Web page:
Anxiety in Speaking in Sacrament Meeting

Years ago, in preparing for a Young Women “Values” themed sacrament meeting, I mentioned to a member of the Young Women presidency that I was not sure what to speak about. “It doesn’t really matter,” she assured me. You know what the value is that you’ve been assigned to present, so just tell us a story about it. You’ll do great anyway. We start children giving talks in primary, so by the time you are a (14 year old) Mia Maid, you’ve been speaking in public for a decade! This is why Mormons are great public speakers. You’ll do fine!”

 

At the time, her words did calm me. I thought, “I can do this! I’ve been giving talks for 10 years!” I had not been afraid of giving speeches on the debate team or in English class, and as a rule, wasn’t nervous but for that last burst of excited anticipwoman-podiumation that strikes me just before the words came out. But church talks were and are different. To be clear, I could do them. But they made me more nervous than addressing almost every other kind of audience.

 

As the years passed, and even to this day, when I speak in public- (the thing that is listed as the greatest fear, even over death)  I remind myself that I can do this because “I learned to not be afraid of speaking when I was in primary.” I’ve presented at conferences and meetings and even been disappointed at the smallness of the audience upon occasion; I am a good public speaker and I know it. But. When church speaking assignments came…. the butterflies and anxiety started. I became cranky and argue with my family. I fret and fast and pray for calm. No matter the topic, no matter how well I know it or how many hours I spent in preparation, I became anxiety-ridden. So why is that?

 

As a Young Woman, I felt confident and good in that “Values” sacrament meeting and the handful of other Sacrament Meetings where I was asked to speak. I did the research and prayed. I felt good about my topic and how it applied to those in the meeting. I knew I was ready to speak and I did it well. I was confident enough that I even spoke without telling my parents that I was among the sacrament meeting speakers. But that started to melt away when I was a YSA. But as the years passed, things seemed to change….I can recall small words of gentle correction from a bishop when I went slightly under time in a sacrament meeting talk. I recall another YSA sister who said that a talk I gave was so filled with the spirit for her, and another who asked for a copy of my talk because it meant so much to her, but my male leaders said nothing. I supposed it was just their personality, but was hurt when I was later laughingly told that a consolation for any talk is that the bishop “always thanks everyone” after they speak… everyone, it seemed, but me.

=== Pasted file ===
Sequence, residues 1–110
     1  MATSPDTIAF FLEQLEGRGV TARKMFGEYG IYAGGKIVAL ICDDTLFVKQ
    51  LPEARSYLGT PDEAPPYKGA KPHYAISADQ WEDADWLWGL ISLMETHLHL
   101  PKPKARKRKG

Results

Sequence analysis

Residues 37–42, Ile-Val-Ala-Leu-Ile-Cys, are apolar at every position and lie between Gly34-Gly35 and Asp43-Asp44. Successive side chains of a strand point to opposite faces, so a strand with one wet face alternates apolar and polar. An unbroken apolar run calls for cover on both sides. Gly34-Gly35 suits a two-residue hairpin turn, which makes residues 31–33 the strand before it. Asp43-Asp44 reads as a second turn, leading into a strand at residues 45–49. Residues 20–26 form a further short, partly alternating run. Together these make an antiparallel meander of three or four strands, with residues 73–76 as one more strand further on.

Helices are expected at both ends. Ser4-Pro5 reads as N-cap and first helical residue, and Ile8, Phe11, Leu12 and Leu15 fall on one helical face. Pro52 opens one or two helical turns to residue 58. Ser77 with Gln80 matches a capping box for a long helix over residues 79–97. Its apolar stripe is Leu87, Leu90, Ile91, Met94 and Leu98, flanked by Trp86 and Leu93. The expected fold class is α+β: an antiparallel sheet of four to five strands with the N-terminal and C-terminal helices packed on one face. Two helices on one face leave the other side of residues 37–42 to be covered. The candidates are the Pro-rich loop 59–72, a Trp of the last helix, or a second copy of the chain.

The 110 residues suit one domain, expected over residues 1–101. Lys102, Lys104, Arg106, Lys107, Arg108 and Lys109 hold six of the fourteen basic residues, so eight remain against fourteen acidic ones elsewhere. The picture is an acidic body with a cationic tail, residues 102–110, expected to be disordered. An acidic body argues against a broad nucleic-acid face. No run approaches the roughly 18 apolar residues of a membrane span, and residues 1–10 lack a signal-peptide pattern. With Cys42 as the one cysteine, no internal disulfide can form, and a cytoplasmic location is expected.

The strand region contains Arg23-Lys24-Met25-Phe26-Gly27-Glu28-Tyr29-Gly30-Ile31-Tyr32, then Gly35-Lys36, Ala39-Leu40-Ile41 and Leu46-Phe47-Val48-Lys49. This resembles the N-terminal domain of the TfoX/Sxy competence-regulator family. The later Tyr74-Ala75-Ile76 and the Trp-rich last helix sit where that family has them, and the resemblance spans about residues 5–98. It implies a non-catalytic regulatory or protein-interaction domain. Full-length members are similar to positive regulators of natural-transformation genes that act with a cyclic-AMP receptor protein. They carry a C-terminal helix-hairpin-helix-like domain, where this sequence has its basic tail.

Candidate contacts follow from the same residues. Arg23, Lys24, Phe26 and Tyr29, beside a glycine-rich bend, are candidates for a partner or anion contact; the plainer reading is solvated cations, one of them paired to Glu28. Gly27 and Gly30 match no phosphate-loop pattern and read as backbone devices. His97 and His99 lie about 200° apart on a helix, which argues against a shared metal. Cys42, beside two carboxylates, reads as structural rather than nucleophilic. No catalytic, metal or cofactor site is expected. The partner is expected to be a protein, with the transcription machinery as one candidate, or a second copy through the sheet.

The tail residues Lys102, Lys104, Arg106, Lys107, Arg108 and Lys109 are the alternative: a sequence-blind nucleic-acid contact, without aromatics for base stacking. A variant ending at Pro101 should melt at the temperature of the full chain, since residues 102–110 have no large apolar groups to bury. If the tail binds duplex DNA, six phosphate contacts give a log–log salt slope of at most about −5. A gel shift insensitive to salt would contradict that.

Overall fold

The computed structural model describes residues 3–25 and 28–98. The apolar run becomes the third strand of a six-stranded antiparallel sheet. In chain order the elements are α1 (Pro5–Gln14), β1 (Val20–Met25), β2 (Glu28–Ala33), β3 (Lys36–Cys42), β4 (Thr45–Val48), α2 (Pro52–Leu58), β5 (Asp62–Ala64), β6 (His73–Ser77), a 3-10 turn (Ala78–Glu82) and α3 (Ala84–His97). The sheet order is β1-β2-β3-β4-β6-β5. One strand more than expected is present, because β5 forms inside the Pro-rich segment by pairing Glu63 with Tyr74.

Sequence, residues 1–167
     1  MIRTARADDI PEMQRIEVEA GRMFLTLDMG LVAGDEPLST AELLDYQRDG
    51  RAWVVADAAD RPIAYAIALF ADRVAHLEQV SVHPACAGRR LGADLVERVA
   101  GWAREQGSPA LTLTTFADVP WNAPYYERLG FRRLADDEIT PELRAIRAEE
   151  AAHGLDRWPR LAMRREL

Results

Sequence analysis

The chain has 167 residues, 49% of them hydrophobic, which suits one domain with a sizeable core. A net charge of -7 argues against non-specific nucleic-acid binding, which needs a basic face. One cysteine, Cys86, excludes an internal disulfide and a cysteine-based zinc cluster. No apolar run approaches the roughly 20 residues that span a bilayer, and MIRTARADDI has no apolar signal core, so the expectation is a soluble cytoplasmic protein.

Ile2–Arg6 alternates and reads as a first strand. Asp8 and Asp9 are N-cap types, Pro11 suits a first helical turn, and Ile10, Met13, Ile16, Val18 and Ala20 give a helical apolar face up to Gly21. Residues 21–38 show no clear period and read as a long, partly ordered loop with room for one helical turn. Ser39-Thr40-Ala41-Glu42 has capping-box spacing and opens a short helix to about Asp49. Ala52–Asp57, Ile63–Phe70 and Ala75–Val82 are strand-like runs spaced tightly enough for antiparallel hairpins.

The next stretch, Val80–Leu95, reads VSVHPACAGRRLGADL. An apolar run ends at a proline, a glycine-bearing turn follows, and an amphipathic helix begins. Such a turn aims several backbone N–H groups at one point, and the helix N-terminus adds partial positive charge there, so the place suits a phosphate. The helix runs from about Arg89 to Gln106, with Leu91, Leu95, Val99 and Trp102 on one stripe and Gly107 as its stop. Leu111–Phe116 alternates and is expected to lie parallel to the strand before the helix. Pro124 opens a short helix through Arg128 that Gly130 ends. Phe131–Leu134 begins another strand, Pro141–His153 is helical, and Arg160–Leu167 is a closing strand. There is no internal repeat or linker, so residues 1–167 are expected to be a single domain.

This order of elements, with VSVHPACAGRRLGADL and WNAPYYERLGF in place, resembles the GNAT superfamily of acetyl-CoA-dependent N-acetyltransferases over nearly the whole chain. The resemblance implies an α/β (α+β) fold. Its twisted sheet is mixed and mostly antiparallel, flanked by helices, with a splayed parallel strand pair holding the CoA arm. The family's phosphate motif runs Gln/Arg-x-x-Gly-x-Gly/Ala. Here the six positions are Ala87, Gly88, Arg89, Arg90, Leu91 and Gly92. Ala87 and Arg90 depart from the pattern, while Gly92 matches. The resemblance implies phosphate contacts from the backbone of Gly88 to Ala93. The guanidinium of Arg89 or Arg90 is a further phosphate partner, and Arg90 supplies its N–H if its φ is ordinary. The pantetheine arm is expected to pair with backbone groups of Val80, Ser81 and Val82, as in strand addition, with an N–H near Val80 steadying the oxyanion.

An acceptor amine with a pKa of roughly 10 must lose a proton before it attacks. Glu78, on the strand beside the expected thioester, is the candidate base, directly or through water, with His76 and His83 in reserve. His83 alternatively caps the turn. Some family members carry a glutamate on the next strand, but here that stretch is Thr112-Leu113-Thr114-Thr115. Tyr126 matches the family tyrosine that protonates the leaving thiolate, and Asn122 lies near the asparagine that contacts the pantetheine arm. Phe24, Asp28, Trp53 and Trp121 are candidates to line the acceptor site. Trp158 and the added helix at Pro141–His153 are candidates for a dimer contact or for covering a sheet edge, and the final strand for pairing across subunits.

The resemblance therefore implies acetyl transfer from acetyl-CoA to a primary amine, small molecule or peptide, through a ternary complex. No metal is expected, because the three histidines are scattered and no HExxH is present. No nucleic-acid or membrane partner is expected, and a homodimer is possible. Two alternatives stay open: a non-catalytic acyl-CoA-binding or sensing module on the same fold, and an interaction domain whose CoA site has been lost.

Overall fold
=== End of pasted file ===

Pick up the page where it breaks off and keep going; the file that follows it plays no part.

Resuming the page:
But then there was the meeting that I started in Spanish. I am not a Spanish speaker, but had a friend from Spain staying with me. Because we had a number of Spanish speaking YSAs in the ward, my friend taught me, and I began the meeting by welcoming everyone and introducing my topic in Spanish. The native Spanish speakers thanked me with grins as wide far and wide as the horizon on a clear and sunny day. But a week afterwards, I was privately, but sternly corrected b y a member of the bishopric for this horrific faux pas.

 

As a newlywed in a new country and a new ward, I gave a talk that I felt good about. Two women thanked me afterward and I felt happy. But my husband felt inspired to remind me of an analogy I had made that he didn’t think was very good: in this, I felt highly critiqued and hurt. I gave another talk a while later, and a woman said that it made a great discussion in her home with her husband, thanking me for the talk. But again, my husband pointed out what he felt were mistakes.